On a large surface, spread the bed sheet. Set out the baking pans on half the sheet. The other half of the sheet will be folded over the pans and loaves to cover them later when they are rising. Three pans should do if you are starting with 2 ½ lbs. of flour. You can grease the pans with olive oil or any other vegetable shortening. Some use corn meal. It should work, but my bread always sticks. I use parchment paper and no oil. It makes cleaning the pans much easier. It is a little expensive, but I reuse it several times. It is 100 % effective to prevent sticking even for me. Silicone baking mats work well too, but are very expensive initially. Tear off pieces of waxed paper for each loaf a little larger than the pans and set them aside. Clean up the counter and wash the spoon, sink etc.
The time varies, but in about two hours, press on the dough with your finger. When the dent stays, it is fully risen. It will be about double in bulk. Punch the dough down. This is to get the air bubbles out of it. Flour the counter and pour out the dough onto it. Kneed the dough a minute or so to finish getting the big bubbles out. Divide the dough into parts (four for 2 ½ lbs flour; eight for 5 lbs.) They should be the size of a large orange, about 12 to 14oz. (16 to 18 oz for large congregations.) I have a little scale from a dollar store. This way one gets even-sized loaves. Reserve one part for communion hosts for Western Rite parishes (if using 5 lbs of flour, reserve two parts for hosts). One at a time, shape each loaf into a round ball with no seams or creases. Place it on a prepared baking sheet. Repeat with the others. One may oil each loaf lightly and cover each with waxed paper. Spraying the waxed paper with ‘Pam’ rather than spraying the dough makes cleaning the pans easier. Bring the sheet up and fold it over the bread pans. Cover with the very large towel or thermal blanket. I have a small space and do not use the sheet underneath; any substitute or approximation is acceptable. It is to keep the dough warm and draft free.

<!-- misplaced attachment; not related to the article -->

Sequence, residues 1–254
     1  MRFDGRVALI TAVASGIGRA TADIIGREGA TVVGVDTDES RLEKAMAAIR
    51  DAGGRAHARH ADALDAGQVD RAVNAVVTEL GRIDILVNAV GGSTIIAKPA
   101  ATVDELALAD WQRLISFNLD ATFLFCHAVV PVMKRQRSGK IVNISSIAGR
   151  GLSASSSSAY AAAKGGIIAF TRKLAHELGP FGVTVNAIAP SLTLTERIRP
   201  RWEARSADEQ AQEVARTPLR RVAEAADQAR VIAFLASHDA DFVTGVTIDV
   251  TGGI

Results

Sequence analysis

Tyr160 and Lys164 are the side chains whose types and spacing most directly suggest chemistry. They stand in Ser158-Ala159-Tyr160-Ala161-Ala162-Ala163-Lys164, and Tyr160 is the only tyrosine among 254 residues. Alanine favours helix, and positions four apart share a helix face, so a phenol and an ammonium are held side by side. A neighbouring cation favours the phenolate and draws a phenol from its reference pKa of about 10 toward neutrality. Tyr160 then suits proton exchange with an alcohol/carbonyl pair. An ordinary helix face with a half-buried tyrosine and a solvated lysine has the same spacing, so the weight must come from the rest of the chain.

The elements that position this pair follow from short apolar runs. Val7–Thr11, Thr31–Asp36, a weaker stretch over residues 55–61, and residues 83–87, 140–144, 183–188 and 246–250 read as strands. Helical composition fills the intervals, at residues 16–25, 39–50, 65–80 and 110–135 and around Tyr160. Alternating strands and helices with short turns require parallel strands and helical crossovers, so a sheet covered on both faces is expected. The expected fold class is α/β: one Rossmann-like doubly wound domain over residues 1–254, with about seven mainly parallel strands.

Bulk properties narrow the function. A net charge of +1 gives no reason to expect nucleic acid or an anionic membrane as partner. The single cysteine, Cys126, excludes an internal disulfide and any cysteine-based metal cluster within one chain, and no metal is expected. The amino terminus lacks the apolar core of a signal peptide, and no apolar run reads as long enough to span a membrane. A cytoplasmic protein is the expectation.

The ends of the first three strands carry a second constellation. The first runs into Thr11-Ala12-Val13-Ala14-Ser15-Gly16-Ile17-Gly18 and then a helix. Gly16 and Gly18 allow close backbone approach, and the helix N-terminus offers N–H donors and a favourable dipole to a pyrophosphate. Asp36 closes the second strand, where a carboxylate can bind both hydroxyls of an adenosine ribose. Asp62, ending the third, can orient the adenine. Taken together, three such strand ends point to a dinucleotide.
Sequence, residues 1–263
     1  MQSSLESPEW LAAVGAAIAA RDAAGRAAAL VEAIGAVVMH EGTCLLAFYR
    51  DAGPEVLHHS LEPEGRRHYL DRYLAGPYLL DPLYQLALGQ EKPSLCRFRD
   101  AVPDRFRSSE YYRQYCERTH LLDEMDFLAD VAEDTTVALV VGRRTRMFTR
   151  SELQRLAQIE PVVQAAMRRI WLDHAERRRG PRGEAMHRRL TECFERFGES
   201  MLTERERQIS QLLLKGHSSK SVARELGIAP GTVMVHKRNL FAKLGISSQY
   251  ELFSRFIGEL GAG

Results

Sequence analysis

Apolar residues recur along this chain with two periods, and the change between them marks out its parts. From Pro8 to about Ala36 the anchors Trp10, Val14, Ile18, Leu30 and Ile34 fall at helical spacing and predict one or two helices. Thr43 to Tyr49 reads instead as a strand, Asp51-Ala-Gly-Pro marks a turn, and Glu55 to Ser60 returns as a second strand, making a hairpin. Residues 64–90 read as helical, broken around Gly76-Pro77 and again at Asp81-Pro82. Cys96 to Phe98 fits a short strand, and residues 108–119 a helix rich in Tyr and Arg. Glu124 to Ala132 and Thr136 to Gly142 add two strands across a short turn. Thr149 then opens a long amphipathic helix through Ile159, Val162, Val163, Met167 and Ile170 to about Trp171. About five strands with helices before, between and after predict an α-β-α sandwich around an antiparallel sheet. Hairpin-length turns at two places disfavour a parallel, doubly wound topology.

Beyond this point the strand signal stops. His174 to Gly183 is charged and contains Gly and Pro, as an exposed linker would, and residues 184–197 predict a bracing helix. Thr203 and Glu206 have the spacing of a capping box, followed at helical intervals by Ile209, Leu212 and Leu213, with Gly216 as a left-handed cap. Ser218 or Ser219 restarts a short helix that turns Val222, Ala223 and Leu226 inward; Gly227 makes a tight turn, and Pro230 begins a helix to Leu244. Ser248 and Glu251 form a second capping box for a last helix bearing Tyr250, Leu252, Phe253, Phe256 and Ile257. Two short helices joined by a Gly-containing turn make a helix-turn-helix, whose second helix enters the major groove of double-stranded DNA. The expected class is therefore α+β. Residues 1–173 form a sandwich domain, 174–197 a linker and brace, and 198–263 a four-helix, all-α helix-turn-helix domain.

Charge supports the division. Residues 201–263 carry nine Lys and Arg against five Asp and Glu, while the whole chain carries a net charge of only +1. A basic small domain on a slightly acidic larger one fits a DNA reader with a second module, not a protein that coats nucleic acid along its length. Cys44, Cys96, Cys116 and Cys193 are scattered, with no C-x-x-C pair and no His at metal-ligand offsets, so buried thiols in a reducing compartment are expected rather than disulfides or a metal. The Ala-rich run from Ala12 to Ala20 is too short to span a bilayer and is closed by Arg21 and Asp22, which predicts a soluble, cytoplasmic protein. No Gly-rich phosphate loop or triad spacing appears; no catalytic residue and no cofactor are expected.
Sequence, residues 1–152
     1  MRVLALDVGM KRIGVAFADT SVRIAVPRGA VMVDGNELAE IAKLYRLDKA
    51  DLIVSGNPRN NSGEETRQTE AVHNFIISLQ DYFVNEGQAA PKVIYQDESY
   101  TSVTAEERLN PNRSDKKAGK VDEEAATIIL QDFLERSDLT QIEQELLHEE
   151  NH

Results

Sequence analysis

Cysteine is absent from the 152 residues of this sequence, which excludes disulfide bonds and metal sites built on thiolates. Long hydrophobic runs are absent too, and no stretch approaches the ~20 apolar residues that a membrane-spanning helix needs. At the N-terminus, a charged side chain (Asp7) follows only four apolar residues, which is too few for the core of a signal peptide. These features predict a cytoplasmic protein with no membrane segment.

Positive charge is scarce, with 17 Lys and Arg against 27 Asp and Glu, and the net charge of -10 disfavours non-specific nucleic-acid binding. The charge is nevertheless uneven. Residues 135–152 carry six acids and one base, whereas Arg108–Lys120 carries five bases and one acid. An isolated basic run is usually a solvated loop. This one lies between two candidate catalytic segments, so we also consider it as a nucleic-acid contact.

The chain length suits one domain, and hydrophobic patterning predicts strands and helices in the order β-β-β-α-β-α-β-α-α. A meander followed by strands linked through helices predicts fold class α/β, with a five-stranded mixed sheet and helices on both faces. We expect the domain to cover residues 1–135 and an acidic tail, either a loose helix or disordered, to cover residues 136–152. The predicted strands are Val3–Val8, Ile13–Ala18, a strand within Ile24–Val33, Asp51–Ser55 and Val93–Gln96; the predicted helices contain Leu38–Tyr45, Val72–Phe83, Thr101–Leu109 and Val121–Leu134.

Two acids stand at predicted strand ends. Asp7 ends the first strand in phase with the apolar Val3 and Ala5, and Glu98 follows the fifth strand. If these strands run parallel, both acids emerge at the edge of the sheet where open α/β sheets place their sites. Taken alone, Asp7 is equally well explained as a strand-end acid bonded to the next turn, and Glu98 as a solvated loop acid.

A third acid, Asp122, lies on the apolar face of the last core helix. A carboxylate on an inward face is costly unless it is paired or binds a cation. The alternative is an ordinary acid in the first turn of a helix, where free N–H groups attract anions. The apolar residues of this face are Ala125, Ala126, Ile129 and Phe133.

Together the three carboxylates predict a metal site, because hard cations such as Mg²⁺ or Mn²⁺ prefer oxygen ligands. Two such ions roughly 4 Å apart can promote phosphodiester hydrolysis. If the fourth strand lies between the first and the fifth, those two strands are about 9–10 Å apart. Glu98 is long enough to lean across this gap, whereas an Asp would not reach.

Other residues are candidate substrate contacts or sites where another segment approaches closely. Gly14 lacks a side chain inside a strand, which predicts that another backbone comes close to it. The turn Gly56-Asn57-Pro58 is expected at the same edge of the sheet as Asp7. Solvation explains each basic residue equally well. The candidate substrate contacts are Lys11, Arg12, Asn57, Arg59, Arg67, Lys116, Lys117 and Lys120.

For making Western Rite Hosts: Flatten the 4th part of the dough with your hands on a well floured counter. Turn it over. Cover it with a piece of waxed paper and then with a kitchen towel. In 15 to 20 minutes uncover and roll the dough with the rolling pin. Begin at the center and roll toward the edges. Flour the counter well. Turn the dough over, cover and let it set again. It takes a while for the gluten to stretch and allow the dough to be flattened. You can speed up the process by flattening it with your finger tips, but basically you cannot rush it. I find doing two pans (batches) of the communion hosts at a time difficult. I do one after the other or do the first, bake the loves, then do the second.